Last month during our summer sabbatical here at GRELJ, Model Green Lease Task Force head Alan Whitson forwarded us an article he published in a recent issue of Office Insight magazine. In “How to Add Value and Avert Lawsuits: Avoid the Conflicts Between LEED-EB:OM and LEED-CI,” Mr. Whitson describes how the interplay – or lack thereof – between these two different LEED suites may create unanticipated liabilities for landlords and brokers who market LEED-EB:OM-certified space to tenants that subsequently seek to pursue LEED-CI.
Quoted in the article is Alex Spilger, who serves as Sustainability Manager for BCCI Construction in San Francisco. Mr. Spilger observes that
“[i]t’s a common misconception among tenants, real estate brokers, and building owners . . . that LEED-EB:OM certification guarantees LEED-CI certification. It’s easy to imagine there would be some cross-over between the LEED-EB:OM and LEED-CI rating systems. Green strategies put into action in the base building should help a tenant earn points for LEED-CI and vice versa. But, this is not always true since there is little overlap between the two rating systems – they are structured differently.”
Some of the examples which Mr. Whitson presents in the article are particularly noteworthy because they suggest the dangers that may arise out of an indiscriminate marketing strategy implemented by the landlord and its leasing team. For example, a building that scores in the 98th percentile for energy efficiency will earn 18 points under LEED-EB:OM, but a tenant in pursuit of LEED-CI will not receive any points for the base building’s exemplary energy performance. A base building can also receive up to 15 points under LEED-EB:OM for alternative transportation where employees carpool to work; under LEED-CI, unless the base building is sufficiently close to mass transit, the tenant will not receive any alternative transportation points, even if its employees all carpool.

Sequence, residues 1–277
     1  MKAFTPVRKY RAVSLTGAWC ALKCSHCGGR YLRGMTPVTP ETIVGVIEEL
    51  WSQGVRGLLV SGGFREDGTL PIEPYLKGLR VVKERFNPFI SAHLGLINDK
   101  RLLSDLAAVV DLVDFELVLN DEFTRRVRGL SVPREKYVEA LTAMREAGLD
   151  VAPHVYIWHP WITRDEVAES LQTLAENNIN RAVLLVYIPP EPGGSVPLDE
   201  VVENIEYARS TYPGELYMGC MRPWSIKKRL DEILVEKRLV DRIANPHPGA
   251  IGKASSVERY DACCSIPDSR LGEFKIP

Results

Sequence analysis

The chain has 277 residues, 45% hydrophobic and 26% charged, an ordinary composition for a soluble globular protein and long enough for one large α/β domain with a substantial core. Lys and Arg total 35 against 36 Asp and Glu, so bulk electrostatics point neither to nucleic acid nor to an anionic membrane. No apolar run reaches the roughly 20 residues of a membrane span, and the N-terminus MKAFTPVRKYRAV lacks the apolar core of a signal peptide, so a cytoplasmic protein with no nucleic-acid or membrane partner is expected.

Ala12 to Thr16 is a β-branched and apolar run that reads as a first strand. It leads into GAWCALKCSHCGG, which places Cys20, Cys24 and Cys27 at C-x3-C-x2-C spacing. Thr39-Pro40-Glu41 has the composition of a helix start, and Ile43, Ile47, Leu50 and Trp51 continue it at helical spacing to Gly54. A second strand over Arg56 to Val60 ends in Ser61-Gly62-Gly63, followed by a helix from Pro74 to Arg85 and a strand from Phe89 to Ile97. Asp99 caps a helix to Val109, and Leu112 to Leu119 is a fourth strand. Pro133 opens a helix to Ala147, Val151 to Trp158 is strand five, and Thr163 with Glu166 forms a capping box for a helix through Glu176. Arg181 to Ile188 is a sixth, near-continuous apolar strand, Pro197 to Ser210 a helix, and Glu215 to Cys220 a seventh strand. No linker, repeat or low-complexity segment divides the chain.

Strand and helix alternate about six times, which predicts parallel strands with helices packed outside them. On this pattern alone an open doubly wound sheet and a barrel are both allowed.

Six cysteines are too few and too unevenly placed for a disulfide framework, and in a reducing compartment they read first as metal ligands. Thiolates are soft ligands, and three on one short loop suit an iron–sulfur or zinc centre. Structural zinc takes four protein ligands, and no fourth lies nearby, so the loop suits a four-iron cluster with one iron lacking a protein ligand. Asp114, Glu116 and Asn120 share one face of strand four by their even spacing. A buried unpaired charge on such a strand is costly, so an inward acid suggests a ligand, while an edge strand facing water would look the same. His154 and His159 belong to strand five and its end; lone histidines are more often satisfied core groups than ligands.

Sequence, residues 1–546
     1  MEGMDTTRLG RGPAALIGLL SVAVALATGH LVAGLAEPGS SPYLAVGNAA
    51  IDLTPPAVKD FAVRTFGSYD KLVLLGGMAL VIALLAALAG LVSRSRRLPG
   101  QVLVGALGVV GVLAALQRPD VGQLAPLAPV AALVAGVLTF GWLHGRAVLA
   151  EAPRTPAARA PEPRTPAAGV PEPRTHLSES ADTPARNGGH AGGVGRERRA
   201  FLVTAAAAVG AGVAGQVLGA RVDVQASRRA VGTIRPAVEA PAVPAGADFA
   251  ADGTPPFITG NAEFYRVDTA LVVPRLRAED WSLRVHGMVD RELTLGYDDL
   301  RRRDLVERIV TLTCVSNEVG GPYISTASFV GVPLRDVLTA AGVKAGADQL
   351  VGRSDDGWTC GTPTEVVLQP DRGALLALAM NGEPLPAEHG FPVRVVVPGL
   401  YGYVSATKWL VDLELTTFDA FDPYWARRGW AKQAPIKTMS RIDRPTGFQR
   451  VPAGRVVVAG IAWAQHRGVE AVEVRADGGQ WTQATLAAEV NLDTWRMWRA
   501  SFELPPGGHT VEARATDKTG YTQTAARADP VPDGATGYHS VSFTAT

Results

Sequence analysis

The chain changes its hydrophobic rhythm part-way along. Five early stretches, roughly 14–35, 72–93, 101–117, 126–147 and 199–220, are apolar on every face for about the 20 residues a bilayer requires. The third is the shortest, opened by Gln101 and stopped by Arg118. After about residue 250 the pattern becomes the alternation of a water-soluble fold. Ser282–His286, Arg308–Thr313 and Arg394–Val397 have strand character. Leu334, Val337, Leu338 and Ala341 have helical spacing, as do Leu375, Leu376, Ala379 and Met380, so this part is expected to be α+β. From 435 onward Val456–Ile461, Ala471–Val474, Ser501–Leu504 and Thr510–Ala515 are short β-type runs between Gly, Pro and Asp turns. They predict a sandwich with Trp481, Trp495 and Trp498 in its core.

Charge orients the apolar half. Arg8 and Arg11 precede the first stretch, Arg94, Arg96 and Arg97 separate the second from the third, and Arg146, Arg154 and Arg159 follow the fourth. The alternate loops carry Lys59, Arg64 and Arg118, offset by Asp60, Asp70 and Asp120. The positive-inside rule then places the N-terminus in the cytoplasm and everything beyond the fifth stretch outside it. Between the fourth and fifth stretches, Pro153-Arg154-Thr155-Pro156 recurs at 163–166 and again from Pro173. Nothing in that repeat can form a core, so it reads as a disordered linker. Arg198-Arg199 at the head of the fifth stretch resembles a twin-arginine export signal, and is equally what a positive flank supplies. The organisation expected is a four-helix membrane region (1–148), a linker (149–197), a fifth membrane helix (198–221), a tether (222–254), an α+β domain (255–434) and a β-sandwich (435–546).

Indeed, Mr. Spilger also describes in the article a recent project where a tenant leased space in a LEED-EB:OM Gold-certified building with the expectation that – it too – would earn LEED-CI Gold for its own interiors. Rather, because LEED-CI’s prerequisite water efficiency requirements are higher than those for LEED-EB:OM, the tenant was unable to pursue a LEED-CI rating without completely replacing the bathroom fixtures, he utilized this opportunity to do major renovations which were needed for the bathroom, including an addition of a Painted Oak Vanity Unit with Marble Top next to the shower, and a tile replacement as well. Mr. Whitson notes that
“[i]f the requirements for LEED-CI were considered before upgrading the building’s restrooms, fixtures with higher water efficiency could have been selected at little or no extra cost, while creating a competitive advantage for the building. Imagine the liability a real estate broker or interior designer with a LEED AP designation might have if they fail to explain the ramifications to their client before the lease is signed, or if this blows a lease deal for a building owner.”
Risk management, of course, is not strictly the province of outside counsel; LEED consultants and real estate professionals need to understand the mechanics of each individual LEED rating system – and how they interact, or fail to interact, with one another – when presenting certification alternatives to their clients. For example, we wrote previously here at GRELJ about how a base building’s green features can offer tenants up to 21 points for tenants seeking LEED-CI certification. However, Mr. Whitson’s remarks above should ring all the more salient in a construction environment where controlling costs continues to remain paramount, and USGBC continues to place an increased emphasis on existing buildings.